Perhaps we can start by acknowledging that our faith is not as perfect as we would like to believe. Yes, God may have seemed fairly inconsistent if you compare the OT and the New Testament (NT), but personally I would believe that God, like us, changes too. He may not as rigid as we would like to think he would be and I believe there were instances when he changed his mind as well. The Jonah story can be an example and perhaps how God decided to send Jesus himself to save us by grace is perhaps the indication of the biggest change of all.

So why can't we explain that perhaps during that time during the OT God may be this way, but the God we believe now is somewhat different, at least in the way He does things?

Of course, that is only one answer. There's also the argument that the bible may have been interpreted differently for that story — after all, like it or not the bible is written and translated by humans and after so many translation, the story may have been misinterpreted from the way it was intended to be. This may open up a whole new can of worms, but I am only bringing up another possibility of an answer.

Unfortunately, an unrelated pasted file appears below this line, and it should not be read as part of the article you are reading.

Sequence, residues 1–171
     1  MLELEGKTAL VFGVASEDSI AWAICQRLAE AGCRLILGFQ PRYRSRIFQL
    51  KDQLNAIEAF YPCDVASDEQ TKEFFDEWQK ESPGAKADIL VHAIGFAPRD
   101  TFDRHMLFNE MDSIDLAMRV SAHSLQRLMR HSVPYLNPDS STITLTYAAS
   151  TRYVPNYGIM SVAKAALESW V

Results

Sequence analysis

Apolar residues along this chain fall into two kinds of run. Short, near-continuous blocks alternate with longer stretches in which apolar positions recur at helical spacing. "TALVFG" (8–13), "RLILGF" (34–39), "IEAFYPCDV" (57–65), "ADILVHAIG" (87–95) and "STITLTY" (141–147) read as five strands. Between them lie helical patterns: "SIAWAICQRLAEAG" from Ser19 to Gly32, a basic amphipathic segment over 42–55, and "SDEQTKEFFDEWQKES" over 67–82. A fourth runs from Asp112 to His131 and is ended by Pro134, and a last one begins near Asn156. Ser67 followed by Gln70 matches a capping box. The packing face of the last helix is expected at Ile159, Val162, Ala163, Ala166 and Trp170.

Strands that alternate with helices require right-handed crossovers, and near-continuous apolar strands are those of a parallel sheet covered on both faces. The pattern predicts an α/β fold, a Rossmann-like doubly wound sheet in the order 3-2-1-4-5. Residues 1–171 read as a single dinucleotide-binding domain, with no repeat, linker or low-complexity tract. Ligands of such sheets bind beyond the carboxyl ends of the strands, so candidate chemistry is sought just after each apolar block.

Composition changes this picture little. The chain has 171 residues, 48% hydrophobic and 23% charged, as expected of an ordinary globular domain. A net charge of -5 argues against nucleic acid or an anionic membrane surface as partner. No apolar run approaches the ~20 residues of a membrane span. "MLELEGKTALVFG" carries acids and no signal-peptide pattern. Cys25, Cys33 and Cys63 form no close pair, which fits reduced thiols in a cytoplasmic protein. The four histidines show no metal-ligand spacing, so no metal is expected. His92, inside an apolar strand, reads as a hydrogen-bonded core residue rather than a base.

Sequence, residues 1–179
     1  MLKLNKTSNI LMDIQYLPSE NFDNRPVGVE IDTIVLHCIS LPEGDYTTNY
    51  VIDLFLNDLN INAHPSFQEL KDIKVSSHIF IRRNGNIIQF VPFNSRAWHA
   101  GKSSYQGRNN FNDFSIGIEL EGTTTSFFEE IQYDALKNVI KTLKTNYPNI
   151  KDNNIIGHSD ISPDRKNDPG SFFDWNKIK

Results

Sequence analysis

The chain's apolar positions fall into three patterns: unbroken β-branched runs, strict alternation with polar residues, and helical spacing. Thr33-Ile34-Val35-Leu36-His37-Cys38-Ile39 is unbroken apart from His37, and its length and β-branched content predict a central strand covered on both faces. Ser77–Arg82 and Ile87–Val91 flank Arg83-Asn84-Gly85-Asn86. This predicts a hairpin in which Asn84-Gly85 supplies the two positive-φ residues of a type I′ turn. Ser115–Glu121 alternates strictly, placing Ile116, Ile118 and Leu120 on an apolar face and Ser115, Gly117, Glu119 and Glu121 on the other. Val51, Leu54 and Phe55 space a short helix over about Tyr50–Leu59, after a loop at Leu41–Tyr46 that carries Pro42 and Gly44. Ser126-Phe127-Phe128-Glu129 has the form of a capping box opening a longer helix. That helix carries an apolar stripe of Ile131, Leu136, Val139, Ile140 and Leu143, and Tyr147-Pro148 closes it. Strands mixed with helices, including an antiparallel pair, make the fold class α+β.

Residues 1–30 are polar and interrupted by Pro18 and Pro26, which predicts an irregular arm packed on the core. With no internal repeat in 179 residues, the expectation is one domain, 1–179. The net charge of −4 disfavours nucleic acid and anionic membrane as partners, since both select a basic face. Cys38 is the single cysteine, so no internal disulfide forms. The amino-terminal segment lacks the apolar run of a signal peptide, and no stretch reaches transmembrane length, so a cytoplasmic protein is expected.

Or perhaps the best way to explain this whole thing is simply to admit that we, as humans, can never hope to understand the way God works, given our limited knowledge. After all, how can we expect an ant to grasp the way we think about mathematics or science? I guess the same reasoning can be applied to us trying to understand God's logic. We simply can't. And we should never hope to fit God into our worldview because if He is truly omnipotent as we believe, we can never hope to understand him. And perhaps this is what is meant by simply having faith.

I will admit that these are feeble attempts to counter the boy's questions — more like a touch on the surface — but I think what it important at the end of the day is that our purpose is not to “win” this argument or to “convert” anyone. This is not a competition.